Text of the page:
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Consortial associations of phytophagous beetles (Coleoptera: Chrysomeloidea, Curculionoidea) with plants in the east of the Russian Plain
- Dedyukhin, S. V.
- Entomological revue 2016 v.96 no.6 pp. 679-700
- Alyssum, Artemisia, Astragalus, Centaurea, Coleoptera, Rorippa, Salix, Sisymbrium, forests, habitats, herbaceous plants, shrubs, stenotopic species, taiga, trees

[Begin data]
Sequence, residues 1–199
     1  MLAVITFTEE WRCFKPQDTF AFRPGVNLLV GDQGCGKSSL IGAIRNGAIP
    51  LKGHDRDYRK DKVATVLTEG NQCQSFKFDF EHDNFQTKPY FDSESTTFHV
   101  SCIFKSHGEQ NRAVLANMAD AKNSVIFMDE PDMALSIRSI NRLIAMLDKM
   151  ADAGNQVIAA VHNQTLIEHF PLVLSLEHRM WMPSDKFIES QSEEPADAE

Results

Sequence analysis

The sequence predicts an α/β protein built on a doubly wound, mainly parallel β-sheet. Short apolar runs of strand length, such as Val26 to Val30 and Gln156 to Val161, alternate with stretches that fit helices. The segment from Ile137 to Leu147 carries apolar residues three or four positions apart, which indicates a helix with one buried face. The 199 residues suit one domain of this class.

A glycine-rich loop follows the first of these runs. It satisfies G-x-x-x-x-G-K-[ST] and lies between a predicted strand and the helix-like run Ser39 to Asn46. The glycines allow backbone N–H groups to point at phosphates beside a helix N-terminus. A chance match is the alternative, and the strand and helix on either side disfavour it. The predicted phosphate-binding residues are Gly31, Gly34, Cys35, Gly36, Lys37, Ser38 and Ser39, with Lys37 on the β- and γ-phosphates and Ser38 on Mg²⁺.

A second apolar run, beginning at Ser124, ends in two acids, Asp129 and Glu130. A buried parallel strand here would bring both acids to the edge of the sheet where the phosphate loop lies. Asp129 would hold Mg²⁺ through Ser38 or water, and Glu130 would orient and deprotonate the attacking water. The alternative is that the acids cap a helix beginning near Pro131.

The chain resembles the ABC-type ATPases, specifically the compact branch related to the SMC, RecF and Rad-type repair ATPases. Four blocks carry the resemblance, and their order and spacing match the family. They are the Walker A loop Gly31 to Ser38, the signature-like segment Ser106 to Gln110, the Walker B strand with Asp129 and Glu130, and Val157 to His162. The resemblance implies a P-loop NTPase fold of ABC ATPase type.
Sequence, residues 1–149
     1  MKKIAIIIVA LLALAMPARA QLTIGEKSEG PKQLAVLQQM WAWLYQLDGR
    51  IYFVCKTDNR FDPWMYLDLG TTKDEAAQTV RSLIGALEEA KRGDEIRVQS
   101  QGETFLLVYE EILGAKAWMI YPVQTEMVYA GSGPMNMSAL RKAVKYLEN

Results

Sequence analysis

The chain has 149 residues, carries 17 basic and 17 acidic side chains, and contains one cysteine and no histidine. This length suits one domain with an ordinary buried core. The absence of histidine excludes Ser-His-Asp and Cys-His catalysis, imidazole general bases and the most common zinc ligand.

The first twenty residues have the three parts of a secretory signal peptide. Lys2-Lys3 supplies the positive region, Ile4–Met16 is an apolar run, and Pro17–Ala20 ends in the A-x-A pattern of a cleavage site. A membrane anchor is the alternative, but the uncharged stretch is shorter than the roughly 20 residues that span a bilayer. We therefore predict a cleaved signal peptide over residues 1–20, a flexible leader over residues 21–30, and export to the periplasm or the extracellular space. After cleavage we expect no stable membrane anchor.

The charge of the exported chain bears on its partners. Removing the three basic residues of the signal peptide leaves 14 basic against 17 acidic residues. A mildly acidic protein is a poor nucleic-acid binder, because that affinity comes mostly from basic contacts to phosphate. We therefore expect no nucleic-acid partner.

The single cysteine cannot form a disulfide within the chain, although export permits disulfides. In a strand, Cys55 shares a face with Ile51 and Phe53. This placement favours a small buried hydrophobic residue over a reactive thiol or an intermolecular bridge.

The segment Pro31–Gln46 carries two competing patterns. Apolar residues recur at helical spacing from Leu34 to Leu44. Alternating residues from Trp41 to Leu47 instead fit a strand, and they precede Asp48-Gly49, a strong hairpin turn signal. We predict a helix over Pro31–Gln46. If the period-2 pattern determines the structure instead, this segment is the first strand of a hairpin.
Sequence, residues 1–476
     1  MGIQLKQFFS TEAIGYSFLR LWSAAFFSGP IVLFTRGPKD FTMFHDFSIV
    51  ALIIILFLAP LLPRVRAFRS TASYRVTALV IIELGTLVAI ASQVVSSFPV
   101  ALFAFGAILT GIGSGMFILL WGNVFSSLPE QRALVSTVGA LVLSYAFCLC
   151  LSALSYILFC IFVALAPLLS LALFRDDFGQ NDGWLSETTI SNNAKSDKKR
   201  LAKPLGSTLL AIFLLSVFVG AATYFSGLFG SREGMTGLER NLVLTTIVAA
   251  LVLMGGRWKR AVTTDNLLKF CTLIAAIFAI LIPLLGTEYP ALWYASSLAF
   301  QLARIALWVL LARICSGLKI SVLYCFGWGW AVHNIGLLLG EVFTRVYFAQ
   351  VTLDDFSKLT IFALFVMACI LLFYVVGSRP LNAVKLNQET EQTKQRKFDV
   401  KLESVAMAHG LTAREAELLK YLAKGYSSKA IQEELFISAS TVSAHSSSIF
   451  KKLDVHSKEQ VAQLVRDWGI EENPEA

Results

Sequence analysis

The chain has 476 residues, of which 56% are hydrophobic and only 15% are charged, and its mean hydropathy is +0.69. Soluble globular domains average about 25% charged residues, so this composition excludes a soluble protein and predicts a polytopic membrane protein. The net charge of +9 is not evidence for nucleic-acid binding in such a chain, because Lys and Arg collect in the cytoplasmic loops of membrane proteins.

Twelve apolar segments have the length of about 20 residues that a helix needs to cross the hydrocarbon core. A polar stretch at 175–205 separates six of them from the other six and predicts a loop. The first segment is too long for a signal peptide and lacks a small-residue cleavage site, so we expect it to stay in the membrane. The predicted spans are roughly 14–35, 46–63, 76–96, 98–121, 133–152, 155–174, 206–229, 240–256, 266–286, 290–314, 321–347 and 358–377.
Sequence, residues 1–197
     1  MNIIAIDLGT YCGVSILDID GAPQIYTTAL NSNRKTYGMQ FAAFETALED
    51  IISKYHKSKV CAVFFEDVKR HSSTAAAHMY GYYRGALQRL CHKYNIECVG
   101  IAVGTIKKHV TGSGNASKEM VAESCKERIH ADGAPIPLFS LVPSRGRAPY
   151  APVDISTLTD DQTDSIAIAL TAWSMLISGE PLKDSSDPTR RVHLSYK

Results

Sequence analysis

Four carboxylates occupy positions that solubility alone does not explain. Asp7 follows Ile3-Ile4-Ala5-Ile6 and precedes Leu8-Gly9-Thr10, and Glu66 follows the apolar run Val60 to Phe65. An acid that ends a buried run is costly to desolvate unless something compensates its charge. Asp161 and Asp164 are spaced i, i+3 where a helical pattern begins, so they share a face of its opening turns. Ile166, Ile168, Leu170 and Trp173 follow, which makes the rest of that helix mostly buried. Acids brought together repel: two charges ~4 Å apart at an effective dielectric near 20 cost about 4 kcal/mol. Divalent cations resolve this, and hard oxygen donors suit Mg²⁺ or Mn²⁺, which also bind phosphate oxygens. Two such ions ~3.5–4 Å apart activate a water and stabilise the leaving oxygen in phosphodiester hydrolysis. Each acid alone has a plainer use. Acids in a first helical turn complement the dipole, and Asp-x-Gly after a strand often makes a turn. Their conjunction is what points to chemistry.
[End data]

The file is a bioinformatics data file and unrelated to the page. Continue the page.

- Complexes of phytophagous beetles of the superfamilies Chrysomeloidea and Curculionoidea associated with a number of trees, shrubs, and herbaceous plants in the east of the Russian Plain are described, and their characteristic features and origin are discussed. The consortia of most trees (comprising up to 70 species of phytophagous beetles) are dominated by polyphagous forms, while trophically specialized forms usually prevail in those of herbaceous plants (comprising up to 30 beetle species). The consortia of particular species (or groups of morphologically close species) of plants from large and ecologically diverse genera (Salix, Artemisia, Centaurea, Astragalus, Rorippa, Sisymbrium, Alyssum) exhibit considerable specificity which is manifested not only in the presence of regional monophages but also in specific composition of the oligophages and, occasionally, of the stenotopic polyphagous species. It is shown by a number of examples that the composition of the consortia of particular plant species is not uniform within the region, being the most diverse under the zonal and landscape-biotopic conditions that are optimal for the plants. Complexes of phytophagous beetles are usually considerably impoverished at the range boundaries of both arboreal and herbaceous plants, and also in the habitats not typical of these plants. The diversity of the beetle consortia associated with oak, elm, wormwoods, and astragals is sharply reduced from the forest-steppe to the southern taiga; by contrast, the diversity of beetles associated with willows somewhat decreases from the subboreal forest to the southern forest-steppe.